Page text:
On and off over the last couple of years, I’ve fed alfalfa from bales, and chopped alfalfa from bags, to my hens. My girls have benefited from the highly usable protein and calcium, as well as nutrients found in leafy greens.
When you feed roughage. there’s always a risk of impaction and intestinal blockage, however I feed the alfalfa as part of a balanced diet. My hens aren’t hungry and they have lots of interesting things to peck at in their compost piles. They leave most of the tough stalks and eat just the good bits. Also, they have access to grit, which is granite that’s been broken into small pebbles. Chickens eat these rocks, which go into the gizzard – that is the powerful muscular pouch where food is ground up. If chickens don’t have grit in their gizzards, they can’t digest food thoroughly.
I recently heard from a reader who found this odd pile of manure in her coop:
She also had a hen that was huffed up and looking uncomfortable, although she was still eating and drinking. A day after the hen passed this manure, she was back to normal. What’s going on? I found out that the reader had recently begun to feed alfalfa. There’s a chance that the eager hen ate too much of this new treat. I was also told that although grit is offered free-choice, that the only type available at her feed store was the fine stuff for chicks.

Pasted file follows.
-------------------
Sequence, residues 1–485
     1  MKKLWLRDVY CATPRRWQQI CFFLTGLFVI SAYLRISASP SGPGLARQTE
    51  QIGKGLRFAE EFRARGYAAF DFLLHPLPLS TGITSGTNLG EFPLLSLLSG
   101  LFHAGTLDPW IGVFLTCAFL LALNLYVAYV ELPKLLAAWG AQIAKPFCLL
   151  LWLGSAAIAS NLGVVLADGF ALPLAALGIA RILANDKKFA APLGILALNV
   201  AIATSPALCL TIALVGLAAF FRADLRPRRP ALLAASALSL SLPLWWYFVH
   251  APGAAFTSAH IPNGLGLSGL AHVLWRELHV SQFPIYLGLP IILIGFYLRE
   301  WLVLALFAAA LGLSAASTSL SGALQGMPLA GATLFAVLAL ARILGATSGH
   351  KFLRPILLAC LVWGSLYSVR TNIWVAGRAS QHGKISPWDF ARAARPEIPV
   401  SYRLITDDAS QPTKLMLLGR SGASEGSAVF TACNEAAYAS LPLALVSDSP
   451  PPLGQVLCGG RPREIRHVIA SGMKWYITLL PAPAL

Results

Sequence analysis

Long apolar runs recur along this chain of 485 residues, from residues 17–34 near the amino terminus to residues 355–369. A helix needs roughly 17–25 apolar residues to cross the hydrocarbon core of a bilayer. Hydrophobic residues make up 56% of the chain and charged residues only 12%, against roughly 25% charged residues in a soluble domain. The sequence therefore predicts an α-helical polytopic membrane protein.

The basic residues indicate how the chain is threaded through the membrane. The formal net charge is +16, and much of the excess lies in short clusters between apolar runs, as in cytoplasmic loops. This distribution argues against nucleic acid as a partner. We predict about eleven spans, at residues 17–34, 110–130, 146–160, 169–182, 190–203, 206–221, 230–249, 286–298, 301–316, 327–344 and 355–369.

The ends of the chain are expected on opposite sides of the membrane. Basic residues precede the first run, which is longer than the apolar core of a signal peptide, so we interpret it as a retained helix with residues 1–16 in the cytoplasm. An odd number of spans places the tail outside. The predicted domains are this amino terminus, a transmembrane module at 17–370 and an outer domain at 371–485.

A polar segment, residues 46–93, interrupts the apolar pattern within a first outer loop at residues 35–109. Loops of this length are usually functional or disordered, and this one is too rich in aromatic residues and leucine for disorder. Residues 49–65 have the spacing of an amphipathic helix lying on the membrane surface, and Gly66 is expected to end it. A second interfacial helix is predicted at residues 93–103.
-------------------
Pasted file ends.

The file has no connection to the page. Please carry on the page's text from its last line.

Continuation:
I dispense chicken keeping advise for a living and I take the responsibility of what I say very, very seriously. I base what I say on twenty years of hen keeping experience, plus lots of looking into primary research materials. But, I could be wrong. What works for my flock here in New England, on my soil, with my coop structures and management, might not work for you. If anyone else has issues with feeding alfalfa, do let me know!